Lord Jim Knight of Weymouth is Labour’s Shadow DEFRA Minister in the Lords
Tomorrow the Lords will have its first chance to debate the Groceries Code Adjudicator Bill. This regulation of supermarket power over their suppliers is welcome and was first proposed by the last Labour government.
It is also welcome as a measure that may benefit those in rural and semi-rural areas. Agriculture and food processing is worth over £80bn to the UK economy and is our largest manufacturing sector. 3.6m people are employed in food production. To make competition in that market function more fair is good for growth and for jobs in the sector.
I can grumble that it has taken the government two years to bring this forward when they have had MPs scratching around with little to do for the past six months. I can also observe with amusement, BIS ministers talking up a regulatory bill as pro-growth. But the more significant question is whether they are doing anything else to stimulate growth and make life easier for those of us in rural and semi-rural Britain.
By now it is no surprise that there was nothing in the Queen’s Speech.
A parliamentary session set to be dominated by Lords reform is irrelevant to the needs of the real world. Under the radar, we will be busy scrutinising the orders that follow from the laws passed in the last session. These will be the detail of the marketisation of the NHS, the slashing of welfare payments to the disabled, and a range of other corrosive measures to universal state funded provision. These will hit sparsely populated areas hardest where notions of choice and contestability are particularly meaningless. And, ironically, at the same time it seems inevitable that the Rural Advocate will be abolished, and with it the safeguard of an independent body looking at the impact of government policy on rural areas.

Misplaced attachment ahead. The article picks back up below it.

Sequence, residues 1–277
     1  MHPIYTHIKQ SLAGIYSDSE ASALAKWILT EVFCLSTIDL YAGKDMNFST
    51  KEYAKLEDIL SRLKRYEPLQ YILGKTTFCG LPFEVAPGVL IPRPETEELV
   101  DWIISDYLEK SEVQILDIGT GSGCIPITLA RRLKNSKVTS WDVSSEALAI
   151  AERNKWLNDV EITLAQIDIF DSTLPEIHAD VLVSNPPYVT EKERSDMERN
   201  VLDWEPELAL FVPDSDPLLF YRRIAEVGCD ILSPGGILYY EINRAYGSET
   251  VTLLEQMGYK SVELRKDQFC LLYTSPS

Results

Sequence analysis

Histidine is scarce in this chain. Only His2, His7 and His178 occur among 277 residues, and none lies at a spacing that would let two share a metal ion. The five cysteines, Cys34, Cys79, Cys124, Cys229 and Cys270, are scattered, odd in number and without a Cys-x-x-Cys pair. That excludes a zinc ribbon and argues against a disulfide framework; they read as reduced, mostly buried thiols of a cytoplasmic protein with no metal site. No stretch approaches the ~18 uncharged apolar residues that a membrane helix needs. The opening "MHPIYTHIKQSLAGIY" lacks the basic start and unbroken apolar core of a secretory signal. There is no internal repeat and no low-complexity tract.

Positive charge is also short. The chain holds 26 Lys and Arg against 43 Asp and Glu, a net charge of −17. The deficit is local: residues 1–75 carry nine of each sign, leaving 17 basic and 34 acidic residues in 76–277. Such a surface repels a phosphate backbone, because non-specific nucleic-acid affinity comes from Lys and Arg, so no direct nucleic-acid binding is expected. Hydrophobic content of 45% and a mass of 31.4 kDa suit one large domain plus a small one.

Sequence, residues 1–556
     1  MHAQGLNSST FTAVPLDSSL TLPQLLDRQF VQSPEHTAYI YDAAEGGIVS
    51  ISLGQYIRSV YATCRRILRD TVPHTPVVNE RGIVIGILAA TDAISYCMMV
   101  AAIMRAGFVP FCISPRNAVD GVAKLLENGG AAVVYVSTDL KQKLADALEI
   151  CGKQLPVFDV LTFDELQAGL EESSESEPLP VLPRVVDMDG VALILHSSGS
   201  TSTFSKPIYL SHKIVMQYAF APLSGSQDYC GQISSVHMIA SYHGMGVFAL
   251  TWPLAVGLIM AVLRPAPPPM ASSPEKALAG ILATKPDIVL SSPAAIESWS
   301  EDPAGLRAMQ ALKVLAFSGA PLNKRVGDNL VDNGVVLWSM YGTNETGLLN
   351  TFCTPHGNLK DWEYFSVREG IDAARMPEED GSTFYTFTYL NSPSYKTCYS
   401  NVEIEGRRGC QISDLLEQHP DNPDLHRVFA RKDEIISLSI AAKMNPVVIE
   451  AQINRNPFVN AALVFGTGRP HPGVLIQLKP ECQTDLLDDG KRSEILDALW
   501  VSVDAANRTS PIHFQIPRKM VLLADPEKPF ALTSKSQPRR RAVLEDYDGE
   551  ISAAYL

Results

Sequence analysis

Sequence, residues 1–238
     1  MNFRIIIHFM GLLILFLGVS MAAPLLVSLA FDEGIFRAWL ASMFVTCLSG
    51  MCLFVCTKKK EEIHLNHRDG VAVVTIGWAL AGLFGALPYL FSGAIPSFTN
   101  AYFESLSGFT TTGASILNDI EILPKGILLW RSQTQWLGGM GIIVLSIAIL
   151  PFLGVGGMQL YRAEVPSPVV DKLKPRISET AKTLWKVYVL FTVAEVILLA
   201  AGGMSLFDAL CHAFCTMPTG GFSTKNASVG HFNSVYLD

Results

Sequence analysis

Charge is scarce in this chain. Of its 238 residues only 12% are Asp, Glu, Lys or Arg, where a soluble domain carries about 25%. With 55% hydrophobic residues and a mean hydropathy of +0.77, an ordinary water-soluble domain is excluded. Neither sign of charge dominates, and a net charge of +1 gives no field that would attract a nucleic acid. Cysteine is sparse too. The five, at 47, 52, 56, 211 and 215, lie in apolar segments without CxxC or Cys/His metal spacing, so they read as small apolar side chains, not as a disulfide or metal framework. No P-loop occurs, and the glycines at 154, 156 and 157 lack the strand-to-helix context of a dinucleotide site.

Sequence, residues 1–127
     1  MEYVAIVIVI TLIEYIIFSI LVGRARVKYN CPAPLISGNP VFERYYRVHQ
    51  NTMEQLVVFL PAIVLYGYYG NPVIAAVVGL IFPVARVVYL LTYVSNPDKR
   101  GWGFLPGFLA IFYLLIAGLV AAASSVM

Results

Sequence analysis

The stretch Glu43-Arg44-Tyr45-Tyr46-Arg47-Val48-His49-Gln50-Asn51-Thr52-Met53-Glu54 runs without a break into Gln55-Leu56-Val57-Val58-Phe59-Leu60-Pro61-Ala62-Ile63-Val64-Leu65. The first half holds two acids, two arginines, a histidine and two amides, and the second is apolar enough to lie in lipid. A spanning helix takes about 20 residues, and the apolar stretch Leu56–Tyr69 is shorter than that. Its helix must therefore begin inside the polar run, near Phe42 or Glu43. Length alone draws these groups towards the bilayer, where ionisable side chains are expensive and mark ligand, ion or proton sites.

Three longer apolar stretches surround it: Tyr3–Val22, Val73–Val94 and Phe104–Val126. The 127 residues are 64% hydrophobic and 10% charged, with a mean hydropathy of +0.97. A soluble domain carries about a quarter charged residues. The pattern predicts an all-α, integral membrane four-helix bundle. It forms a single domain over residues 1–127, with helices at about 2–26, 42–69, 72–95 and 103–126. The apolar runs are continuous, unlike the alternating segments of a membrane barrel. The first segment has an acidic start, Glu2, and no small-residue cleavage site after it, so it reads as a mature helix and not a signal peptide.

Last week's joint report by the Chartered Institute for Housing, the National Housing Federation (NHF) and Shelter pointed to the failure of government to deliver on affordable housing. Predictably, a market-based approach is failing in an environment where lending is low. The planning reforms give more power to the nimby and look set to make it even harder to meet the huge crisis in affordable housing in rural Britain, where low land values will always need market interventions by government at some level.
The solution is obvious to the authors of last week's report - invest public money in building homes. As David Orr, Chief Executive of the NHF, said: "Building new homes will help fix our broken housing market and, with rising unemployment and living costs, spur economic growth by creating jobs and supporting small businesses. It's a win/win for the taxpayer and for the millions stuck on waiting lists."
This chimes well with the first of Labour's five point plan for jobs and growth: a £2bn tax on bank bonuses to fund a real jobs guarantee for all young people out of work for a year and build 25,000 more affordable homes.
These are the issues that matter in rural and semi-rural areas. How to get a secure job that pays enough to make the rent or the mortgage affordable alongside rising food and fuel costs. That is what we should campaign on, where Labour has the right policies and where the coalition parties are failing.
And in recent weeks we have proven that such campaigning works. Whilst the northern cities of Liverpool, Manchester, Newcastle, and Sheffield are now no-go areas for the Tories, Labour have made gains even in the Prime Minister's own backyard, in Chipping Norton and Witney.
Labour in Parliament will do what we can to improve legislation to help rural Britain, but the real job is out there on the doorstep.